The other half of my favorite decoration we no longer use

It’s. Not. This.

But it’s very closely related…

Manger. Crib. Creche.

I hear the first word and think back to French 101, and the French word “manger.” Spelled the same as our English word, though pronounced differently, it means “to eat.”

And sure enough, my Arcade Dictionary of Word Origins (which contains fascinating stuff), says, “Etymologically manger means ‘eater’ or ‘feeding place,” adding that it comes from an old French word with that meaning, adopted from the old common-Latin word for “chew.”

Crib,” in Old English also meant “manger,” feeding place, the same book also says. (That’s why this word appears in Isaiah 1:3 KJV.) “Crib” only started to be used for “a child’s bed” sometime in the 17th century.

The corn crib in the photo above isn’t exactly a feeder, but is nevertheless a holder for food.

Creche is simply the French word for crib, feeder, food holder.

Think about it: Jesus as a babe was laid in a rough wood feeding trough, in Bethlehem, which means “House of Bread.”

He grew up and went out and fed multitudes with bread broken and torn, then told them He was the Bread of Life.

Shortly thereafter, He broke bread alone in an upper room with His disciples and told them, “This is my body, given for you… Take, and eat.”

And right after that he allowed His body to be laid out again on rough wood, not of a manger but an execution device, yet still the provision place for our Bread of Life.

Back in Bethlehem, three decades before, stretched out long upon that crib, that manger, fell the foreshadow of the cross. And so I did love the rough spot-lit manger standing at Christmastime before and beneath a rough-wood cross, where at a certain place at a certain time of day you could see the shadow of cross on manger. And ponder.

Ponder these wonders with me now, and share my awe.

[There’s yet more “astounding meaning wrapped up in this humble thing,” a manger. Lately Isaiah 1:2-3 has been ringing echoes through my mind and heart. And I can’t help tying it all together: those two verses, the manger, the cross, and Christ, as both the Word of Life and the giver of “word(s) of eternal life” (John 6:68). More on this next time, God willing…]


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12 thoughts on “The Other Half of the Decoration

  1. Wow. That was fascinating! I never tied that together before, but obviously God did… I’ll be looking for the Light to cast the image of the cross over the trough that signifies the sacrifice of our Bread of life. Excellent.

  2. A King born and placed in a feed trough for the animals. Who would have ever imagined it?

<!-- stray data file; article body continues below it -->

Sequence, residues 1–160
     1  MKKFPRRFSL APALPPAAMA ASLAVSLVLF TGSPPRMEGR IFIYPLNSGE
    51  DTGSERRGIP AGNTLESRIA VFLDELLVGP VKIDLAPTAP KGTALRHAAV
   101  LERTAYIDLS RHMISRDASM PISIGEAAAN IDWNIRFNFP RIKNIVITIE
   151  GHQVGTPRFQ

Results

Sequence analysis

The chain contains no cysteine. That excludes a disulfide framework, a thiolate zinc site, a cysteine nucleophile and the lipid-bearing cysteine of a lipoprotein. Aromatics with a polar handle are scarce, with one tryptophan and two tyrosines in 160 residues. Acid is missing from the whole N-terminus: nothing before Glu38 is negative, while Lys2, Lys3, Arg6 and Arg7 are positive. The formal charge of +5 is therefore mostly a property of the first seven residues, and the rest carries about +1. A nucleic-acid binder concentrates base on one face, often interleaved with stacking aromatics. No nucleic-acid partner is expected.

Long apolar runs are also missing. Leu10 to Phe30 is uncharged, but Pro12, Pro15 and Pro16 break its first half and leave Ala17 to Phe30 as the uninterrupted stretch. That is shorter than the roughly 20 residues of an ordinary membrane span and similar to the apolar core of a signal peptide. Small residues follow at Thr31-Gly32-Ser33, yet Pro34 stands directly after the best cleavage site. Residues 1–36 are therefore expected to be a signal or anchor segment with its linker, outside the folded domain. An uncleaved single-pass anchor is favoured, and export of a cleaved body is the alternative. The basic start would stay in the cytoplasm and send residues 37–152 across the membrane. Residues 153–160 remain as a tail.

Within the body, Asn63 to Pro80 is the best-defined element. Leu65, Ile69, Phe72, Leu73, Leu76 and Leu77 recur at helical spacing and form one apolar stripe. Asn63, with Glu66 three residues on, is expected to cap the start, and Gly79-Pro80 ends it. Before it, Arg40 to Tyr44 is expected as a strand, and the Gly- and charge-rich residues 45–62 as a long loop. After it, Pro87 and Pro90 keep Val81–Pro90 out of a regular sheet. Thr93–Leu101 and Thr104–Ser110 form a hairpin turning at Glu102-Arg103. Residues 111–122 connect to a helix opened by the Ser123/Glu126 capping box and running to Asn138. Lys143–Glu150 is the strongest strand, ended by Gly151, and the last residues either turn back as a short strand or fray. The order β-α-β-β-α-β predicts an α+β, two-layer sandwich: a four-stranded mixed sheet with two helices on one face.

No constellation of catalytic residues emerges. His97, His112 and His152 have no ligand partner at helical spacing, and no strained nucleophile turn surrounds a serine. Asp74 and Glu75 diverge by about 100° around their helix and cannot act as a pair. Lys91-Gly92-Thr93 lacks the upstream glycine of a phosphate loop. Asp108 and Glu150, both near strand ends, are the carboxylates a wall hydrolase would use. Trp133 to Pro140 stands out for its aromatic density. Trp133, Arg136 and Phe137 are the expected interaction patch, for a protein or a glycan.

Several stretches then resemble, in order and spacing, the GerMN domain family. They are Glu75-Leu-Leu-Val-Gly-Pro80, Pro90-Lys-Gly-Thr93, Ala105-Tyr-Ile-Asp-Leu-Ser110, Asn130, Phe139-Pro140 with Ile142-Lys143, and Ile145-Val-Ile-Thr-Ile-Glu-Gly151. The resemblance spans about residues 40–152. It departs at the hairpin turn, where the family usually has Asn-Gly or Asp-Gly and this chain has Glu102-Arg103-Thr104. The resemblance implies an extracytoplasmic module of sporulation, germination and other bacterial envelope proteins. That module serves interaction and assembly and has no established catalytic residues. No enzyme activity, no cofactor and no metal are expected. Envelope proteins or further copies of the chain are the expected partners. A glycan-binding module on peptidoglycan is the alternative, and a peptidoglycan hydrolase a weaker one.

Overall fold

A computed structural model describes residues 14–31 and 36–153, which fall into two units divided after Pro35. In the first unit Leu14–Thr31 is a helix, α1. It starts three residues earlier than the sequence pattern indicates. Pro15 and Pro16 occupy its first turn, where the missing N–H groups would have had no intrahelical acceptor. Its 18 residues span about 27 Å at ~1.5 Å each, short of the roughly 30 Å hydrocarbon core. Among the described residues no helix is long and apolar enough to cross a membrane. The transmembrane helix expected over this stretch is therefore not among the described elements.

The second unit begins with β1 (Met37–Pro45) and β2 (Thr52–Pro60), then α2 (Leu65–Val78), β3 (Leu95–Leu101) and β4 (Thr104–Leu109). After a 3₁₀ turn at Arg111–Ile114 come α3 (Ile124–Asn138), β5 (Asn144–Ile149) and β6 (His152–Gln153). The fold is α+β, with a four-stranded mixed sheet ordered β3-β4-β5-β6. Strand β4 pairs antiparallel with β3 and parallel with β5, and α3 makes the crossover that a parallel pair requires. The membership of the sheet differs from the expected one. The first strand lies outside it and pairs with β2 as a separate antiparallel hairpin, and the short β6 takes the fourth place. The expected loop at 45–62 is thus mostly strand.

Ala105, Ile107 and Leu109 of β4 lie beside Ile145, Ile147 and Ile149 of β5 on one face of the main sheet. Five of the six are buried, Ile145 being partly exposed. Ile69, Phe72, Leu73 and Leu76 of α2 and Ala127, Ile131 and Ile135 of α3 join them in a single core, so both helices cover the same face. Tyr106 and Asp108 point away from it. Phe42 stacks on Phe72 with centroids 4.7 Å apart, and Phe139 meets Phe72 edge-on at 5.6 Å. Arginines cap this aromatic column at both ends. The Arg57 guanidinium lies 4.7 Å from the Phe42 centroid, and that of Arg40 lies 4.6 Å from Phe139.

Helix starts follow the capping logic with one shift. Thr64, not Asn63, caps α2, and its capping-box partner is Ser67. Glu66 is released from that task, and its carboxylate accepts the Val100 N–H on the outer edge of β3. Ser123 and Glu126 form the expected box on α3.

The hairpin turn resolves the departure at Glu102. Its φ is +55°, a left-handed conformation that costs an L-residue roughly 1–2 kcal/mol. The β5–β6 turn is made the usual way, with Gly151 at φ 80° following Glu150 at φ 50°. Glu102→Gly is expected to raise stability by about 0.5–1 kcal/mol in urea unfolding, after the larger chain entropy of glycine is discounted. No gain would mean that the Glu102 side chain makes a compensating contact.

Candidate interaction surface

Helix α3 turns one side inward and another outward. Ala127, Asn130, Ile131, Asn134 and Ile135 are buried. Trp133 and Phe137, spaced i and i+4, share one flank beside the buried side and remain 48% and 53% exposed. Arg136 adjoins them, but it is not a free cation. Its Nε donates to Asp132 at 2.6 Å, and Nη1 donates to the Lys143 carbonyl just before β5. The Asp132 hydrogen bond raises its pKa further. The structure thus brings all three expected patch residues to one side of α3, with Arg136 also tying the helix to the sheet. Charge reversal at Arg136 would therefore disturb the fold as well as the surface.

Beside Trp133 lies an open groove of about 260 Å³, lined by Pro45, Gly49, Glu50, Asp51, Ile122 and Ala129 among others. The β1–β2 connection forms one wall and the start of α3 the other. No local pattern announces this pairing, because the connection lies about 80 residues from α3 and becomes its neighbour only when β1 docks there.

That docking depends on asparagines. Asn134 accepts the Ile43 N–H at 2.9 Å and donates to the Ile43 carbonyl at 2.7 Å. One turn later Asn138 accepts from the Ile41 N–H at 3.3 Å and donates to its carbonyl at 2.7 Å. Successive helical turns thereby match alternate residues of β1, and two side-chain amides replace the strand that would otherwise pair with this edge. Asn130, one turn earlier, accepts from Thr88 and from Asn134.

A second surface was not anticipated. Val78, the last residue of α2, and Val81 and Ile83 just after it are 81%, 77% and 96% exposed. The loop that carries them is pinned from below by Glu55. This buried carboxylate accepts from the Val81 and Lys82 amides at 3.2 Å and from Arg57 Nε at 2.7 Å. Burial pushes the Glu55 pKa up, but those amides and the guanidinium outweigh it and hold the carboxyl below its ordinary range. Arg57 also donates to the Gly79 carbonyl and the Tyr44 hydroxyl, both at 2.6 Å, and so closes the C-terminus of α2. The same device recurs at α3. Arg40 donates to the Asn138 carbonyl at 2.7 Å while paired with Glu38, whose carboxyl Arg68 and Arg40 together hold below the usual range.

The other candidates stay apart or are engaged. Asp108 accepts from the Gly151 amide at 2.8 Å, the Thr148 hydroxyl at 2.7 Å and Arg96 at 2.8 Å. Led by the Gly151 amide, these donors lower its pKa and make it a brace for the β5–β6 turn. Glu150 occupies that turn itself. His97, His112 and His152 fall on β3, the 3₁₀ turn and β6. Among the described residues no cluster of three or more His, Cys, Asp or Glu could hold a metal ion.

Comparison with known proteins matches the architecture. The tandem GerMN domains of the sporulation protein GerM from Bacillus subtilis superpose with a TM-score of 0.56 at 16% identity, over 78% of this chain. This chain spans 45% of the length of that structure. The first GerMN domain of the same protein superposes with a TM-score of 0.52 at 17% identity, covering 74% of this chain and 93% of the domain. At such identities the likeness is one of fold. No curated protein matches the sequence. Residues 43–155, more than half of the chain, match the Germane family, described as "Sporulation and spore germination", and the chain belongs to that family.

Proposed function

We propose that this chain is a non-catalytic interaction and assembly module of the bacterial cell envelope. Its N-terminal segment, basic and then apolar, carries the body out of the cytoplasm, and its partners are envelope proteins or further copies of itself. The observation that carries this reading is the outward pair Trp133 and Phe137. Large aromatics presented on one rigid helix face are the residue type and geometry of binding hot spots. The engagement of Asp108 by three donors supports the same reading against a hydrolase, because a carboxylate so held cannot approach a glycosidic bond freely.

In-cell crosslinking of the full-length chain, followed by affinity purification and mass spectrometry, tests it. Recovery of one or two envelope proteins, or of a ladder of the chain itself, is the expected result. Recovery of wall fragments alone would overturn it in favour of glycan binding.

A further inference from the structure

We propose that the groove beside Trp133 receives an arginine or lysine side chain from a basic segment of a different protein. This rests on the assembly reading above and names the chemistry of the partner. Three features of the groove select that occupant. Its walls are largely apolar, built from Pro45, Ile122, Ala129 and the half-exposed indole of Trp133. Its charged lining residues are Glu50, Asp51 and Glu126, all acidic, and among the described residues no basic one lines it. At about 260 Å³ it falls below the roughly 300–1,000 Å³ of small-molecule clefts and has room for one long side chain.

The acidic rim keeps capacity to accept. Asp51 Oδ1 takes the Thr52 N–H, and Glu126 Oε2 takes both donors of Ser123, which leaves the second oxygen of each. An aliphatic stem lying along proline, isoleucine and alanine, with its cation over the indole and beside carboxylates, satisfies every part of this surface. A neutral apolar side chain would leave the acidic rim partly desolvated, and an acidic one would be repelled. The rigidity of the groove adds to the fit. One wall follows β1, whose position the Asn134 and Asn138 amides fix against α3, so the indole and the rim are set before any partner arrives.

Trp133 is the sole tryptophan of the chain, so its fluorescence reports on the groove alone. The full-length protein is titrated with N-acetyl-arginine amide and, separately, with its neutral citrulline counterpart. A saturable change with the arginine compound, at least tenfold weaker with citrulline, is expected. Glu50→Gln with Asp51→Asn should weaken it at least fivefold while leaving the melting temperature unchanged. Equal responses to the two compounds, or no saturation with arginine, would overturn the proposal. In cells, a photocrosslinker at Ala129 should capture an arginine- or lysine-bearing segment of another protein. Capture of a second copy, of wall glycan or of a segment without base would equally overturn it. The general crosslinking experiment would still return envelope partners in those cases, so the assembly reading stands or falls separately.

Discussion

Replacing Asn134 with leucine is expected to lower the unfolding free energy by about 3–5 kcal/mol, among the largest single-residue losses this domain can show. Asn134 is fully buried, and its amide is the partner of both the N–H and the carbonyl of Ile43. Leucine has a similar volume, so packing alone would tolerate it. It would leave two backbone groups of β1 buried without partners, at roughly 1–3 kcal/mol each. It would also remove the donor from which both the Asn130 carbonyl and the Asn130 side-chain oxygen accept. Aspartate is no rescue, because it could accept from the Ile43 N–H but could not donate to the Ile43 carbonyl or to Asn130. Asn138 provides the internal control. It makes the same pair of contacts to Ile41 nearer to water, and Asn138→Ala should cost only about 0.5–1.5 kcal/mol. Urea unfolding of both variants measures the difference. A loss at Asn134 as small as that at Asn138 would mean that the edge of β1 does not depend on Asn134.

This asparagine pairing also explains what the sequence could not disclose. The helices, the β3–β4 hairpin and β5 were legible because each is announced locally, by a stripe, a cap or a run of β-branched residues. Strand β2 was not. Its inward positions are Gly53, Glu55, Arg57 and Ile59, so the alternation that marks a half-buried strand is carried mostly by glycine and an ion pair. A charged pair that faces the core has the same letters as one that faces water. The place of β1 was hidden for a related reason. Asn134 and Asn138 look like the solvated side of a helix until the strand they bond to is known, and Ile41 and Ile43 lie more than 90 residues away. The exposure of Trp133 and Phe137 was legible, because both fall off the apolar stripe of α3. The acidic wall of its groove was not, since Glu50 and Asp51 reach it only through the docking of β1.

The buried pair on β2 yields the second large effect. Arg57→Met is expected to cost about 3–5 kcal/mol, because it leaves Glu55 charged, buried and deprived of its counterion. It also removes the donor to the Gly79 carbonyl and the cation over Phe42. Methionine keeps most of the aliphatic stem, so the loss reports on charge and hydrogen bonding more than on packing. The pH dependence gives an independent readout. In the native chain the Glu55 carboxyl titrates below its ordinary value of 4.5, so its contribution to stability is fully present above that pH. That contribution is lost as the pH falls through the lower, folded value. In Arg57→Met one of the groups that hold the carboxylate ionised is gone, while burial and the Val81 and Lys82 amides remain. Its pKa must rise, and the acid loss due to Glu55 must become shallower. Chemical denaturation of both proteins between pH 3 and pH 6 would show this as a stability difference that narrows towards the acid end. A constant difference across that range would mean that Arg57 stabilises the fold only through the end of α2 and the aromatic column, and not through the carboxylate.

What a lovely thought that humble Jesus is now elevated because he accomplished the Plan the Father set before him. He now sits on the throne and interceeds for us.

  3. You put it well, Floyd: that God had all those things tied together. I keep getting stunned by all the connections that pop up in scripture.
    Hope you and yours have a blessed Christmastime!

  4. Extraordinary, isn’t it, Hazel? Just His coming into our tainted little world seems such a low stoop, and then even a feed trough bed, right from the start. How worthy He is to have His high place, and how blessed we are by His interceding!

  5. Food for our soul … water for our spirit. I’m going to have to get me that book (Arcade Dictionary of Word Origins) Right up my alley! 🙂
    Thanks Sylvia!

  6. Felecia,
    Ah, another word lover! I hope that book’s still in print. It’s a good one. It was published in 1990. I got it at a used book store. It wasn’t much used, either! Not everyone goes in for word origins. Me, I love to learn what they have to teach me. Glad you stopped over here to visit!

  7. We are entwined, Sylvia…twins separated at birth. No, I had not read this before I wrote mine. How very much like God to bind us together in such a way, and yet creating us so that our individual ways come through to bless one another, and, hopefully, others. It seems you certainly blessed others here! I love your comment sections!

  8. I hadn’t thought about all the symbolic meanings of the manger. Very interesting and inspiring, Sylvia. And so cool that the cross casts a shadow on “the other half of your favorite decoration.” You must share a photo of that shadow sometime. 🙂 Thanks so much for sharing!

  9. That is amazing, isn’t it, Dawn? That we should both think about and write about “manger” and the French and the meanings, right in the same week! And I don’t think I’ve ever read anything about that anywhere else! A real “God-incidence”! So glad we both have our minds entwined around the same things. It makes for deeper meaning to the holiday, doesn’t it?
    And yes, I love when the comments go into a real interacting mode. They become as big a part of the post as the main article. I ought to take the time to leave comments more myself, I guess. 🙁 So glad you left yours!

  10. Hi Beth,
    Somewhere (but where?) I have an old photo I shot of the two parts together, BDC (Before Digital Camera), but I never did take a picture of the shadow falling on it. Once, not long ago, I saw such an illustration (drawn) on a Christmas card or devotional, though. Very moving.
    Ah, well, just the picture in my mind reminds me, that shadow hung over His whole earthly life. How great His grace and mercy!

  11. Pam, now you must go to Dawn’s website (click on her name above) and read “Going to the Trough”! (And while you’re getting ready to click her name, be sure to read her comment.)

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